Cliff's Notes and their ilk are big business, so it is no surprise that a young adult publisher wants to share in the profits. Dismay? Yes. This new "Scholastic BookFiles" series for popular, curriculum-embedded novels, from Wilson Rawls's Where the Red Fern Grows (1961) and Mildred D. Taylor's Roll of Thunder, Hear My Cry (1976) to more recent books, provides students, families, and teachers with slim, attractively packaged approaches to YA literature. The volumes include author background, chapter questions "to guide your reading," plot summary, overview essays on settings, themes, character lists, and review synopses. A glossary lists two pages of potentially new words and definitions-without context or page numbers connected to the actual reading. As a teacher, this reviewer has always bristled at guides that purport to help students, but instead arrest their growth as readers by providing ways to think about books, implying that young readers cannot possibly come up with valid ideas on their own. In reality, effective teachers can promote dialogue journals and orchestrate probing book circles; helpful parents can read and discuss books with their children; encouraged or independent youth can generate thoughtful theories about literature. To their credit, the BookFile volumes include brief essays on author process. Several, including the Lowry and Sachar guides, provide interviews with the writers; offer creative multidisciplinary activities including the recipe for Kissin' Kate Barlow's Spiced Peaches from Holes; pose inviting "You Be the Author" suggestions; suggest related readings; and provide bibliographies. In a direct, albeit brief commentary titled "Censored!" the guide toLowry's book discusses why that novel has been challenged in many communities. This reviewer has also never been overly concerned that students read guides in place of books; however, it is always troubling when students' developing abilities to probe literature are undermined in the guise of helping. The back cover of each BookFile promises to "make[s] it easier to write a great book report." Although that statement might entice some, teachers should continue to look for ways to nurture and validate ideas about novels that students generate themselves, especially teen readers. If reader confidence is undermined early on, if literary meaning is viewed as something imposed or suggested by others, educators most assuredly create more readers who can decode a page, but who cannot think for themselves. How very dismal. VOYA CODES: 3Q 3P M J (Readable without serious defects; Will appeal with pushing; Middle School, defined as grades 6 to 8; Junior High, defined as grades 7 to 9). 2003, Scholastic, 64p.; Glossary. Biblio. Further Reading., Trade pb. Ages 11 to 15.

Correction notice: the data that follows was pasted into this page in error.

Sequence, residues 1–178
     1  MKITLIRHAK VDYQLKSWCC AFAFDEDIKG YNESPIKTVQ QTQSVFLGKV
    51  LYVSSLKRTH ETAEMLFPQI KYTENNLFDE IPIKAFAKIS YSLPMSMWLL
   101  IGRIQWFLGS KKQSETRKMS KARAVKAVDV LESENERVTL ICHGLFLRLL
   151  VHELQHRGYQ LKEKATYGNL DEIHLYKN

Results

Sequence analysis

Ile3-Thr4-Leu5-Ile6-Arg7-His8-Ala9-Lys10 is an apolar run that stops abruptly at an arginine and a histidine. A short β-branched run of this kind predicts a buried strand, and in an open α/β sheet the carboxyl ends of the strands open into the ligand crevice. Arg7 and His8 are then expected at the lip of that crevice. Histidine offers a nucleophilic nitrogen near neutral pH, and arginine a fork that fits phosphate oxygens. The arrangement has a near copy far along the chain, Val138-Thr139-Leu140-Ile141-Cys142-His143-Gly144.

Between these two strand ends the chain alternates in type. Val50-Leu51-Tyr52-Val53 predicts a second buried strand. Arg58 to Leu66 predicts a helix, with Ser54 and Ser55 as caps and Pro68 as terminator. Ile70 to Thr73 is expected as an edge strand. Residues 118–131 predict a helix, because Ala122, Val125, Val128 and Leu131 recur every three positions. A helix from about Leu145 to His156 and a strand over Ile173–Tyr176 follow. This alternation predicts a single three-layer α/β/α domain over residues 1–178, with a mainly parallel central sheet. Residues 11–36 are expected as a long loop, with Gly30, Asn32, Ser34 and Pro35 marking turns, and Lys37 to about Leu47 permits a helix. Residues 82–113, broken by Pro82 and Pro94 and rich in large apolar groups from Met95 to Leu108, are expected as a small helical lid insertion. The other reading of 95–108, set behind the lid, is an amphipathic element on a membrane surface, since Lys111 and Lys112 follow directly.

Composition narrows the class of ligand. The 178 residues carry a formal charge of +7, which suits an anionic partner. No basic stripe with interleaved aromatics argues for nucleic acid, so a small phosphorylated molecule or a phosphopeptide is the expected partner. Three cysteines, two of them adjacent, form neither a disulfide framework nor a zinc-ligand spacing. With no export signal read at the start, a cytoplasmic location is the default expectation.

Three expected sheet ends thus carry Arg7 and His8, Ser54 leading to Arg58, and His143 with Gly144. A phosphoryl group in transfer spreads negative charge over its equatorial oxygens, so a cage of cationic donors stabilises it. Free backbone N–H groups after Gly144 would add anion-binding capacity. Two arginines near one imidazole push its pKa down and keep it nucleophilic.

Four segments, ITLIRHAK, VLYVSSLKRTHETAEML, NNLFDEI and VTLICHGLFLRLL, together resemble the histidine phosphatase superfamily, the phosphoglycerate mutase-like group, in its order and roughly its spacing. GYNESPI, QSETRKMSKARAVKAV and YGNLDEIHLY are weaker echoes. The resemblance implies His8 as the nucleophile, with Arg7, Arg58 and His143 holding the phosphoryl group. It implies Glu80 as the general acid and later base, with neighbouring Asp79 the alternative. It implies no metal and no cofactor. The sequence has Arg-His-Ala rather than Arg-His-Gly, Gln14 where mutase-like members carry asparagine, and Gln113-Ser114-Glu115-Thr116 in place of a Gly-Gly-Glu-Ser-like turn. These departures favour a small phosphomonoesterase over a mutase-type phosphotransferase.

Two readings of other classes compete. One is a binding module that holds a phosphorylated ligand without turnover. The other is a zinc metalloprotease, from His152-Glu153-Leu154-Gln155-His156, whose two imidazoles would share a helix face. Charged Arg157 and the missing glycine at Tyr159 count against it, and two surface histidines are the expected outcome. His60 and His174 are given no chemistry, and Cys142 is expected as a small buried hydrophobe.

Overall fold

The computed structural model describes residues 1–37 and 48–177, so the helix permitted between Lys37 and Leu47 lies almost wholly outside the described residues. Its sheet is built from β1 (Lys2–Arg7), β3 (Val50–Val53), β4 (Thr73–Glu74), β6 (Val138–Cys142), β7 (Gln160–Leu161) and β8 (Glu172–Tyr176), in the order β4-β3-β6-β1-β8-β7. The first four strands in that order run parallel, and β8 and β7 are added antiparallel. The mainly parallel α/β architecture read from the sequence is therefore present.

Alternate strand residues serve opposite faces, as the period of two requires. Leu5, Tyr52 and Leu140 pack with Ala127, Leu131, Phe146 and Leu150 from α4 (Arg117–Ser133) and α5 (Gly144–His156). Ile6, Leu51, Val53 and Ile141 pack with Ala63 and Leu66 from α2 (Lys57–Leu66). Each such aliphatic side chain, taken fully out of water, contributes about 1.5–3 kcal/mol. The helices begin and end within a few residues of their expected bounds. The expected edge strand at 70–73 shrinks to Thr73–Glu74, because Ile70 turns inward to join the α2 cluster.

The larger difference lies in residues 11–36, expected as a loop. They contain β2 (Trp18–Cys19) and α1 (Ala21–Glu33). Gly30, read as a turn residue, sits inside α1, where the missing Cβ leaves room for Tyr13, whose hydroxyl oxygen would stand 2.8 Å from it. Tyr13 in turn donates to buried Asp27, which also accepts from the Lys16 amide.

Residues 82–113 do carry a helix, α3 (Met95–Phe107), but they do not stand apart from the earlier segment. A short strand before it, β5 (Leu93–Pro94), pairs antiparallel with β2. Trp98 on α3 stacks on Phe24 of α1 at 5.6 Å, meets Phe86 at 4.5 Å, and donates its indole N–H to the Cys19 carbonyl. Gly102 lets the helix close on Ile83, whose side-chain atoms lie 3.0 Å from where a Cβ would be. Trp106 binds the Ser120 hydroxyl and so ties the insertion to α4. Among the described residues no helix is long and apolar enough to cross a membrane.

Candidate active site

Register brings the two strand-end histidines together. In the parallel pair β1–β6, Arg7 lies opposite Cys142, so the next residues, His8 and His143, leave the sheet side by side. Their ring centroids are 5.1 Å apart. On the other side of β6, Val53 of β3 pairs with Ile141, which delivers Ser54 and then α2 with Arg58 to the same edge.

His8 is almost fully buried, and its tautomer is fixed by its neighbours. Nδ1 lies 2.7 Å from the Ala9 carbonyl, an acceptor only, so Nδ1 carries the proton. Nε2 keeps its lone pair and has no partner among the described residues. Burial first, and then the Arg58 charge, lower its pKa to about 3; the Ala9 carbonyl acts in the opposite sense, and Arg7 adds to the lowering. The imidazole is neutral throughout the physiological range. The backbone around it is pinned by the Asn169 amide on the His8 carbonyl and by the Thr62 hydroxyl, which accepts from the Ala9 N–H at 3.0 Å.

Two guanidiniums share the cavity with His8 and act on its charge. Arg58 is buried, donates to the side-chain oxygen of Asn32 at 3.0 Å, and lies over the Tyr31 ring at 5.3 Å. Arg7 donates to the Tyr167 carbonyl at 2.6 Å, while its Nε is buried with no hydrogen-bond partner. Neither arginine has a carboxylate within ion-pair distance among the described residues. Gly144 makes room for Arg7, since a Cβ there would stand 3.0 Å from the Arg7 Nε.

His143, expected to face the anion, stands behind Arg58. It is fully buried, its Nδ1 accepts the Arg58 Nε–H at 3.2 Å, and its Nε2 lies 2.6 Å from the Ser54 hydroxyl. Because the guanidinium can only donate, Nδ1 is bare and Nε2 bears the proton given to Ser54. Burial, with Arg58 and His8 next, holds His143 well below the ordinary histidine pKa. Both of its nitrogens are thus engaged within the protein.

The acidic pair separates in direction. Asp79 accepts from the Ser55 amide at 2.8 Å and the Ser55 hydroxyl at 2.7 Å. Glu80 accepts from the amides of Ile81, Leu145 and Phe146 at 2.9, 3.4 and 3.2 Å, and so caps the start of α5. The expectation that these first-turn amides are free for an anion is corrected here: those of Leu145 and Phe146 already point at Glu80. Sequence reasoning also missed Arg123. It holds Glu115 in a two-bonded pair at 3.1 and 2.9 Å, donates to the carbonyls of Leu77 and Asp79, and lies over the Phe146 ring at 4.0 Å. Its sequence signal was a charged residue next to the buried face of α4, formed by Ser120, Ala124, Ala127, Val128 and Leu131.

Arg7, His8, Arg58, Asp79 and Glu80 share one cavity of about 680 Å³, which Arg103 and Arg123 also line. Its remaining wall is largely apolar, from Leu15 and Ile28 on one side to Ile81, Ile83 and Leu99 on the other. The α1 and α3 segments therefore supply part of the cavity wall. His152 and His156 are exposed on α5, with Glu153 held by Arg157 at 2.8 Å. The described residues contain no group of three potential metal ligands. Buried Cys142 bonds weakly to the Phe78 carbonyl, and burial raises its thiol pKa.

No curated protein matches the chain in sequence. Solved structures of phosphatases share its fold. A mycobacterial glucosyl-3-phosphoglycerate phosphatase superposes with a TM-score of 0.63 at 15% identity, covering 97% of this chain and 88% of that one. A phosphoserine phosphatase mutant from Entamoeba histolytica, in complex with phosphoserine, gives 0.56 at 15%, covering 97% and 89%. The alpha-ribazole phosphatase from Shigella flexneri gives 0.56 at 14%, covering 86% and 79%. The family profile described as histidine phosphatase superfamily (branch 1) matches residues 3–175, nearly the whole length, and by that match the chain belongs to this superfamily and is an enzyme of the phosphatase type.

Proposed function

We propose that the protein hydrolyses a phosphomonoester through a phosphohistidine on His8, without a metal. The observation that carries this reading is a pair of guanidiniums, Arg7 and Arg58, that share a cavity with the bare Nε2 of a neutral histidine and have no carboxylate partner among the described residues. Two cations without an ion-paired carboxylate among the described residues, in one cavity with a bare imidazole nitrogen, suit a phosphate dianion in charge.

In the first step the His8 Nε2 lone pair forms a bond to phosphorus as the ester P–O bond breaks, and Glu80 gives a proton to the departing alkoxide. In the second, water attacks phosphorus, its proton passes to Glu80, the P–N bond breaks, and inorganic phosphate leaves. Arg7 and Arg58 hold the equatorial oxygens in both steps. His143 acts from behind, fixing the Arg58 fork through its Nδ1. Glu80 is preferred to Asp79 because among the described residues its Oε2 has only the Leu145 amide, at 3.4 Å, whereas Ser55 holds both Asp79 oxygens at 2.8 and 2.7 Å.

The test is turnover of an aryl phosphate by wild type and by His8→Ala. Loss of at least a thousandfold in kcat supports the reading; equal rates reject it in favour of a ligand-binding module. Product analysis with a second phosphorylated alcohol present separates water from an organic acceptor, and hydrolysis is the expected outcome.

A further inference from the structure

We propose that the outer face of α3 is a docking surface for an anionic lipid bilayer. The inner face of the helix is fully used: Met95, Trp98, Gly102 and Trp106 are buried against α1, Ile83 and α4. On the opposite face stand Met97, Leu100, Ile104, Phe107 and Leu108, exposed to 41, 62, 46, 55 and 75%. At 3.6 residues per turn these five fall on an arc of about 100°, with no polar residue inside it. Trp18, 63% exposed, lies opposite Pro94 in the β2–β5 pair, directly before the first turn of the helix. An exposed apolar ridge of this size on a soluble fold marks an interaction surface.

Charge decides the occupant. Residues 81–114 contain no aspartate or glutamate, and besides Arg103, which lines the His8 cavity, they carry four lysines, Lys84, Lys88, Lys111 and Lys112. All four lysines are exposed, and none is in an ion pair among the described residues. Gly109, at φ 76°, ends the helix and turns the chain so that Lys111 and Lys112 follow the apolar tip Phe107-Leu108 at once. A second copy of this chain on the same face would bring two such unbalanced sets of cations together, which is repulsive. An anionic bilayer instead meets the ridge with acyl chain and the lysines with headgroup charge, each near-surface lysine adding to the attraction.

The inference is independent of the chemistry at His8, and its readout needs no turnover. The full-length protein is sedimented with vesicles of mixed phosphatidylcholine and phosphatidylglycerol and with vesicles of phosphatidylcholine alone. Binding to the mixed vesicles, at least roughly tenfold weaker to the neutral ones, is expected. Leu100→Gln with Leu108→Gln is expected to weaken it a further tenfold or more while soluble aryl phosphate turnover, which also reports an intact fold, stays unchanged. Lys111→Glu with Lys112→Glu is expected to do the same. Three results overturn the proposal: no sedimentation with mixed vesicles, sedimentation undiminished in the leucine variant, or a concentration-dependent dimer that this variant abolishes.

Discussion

Patti Sylvester Spencer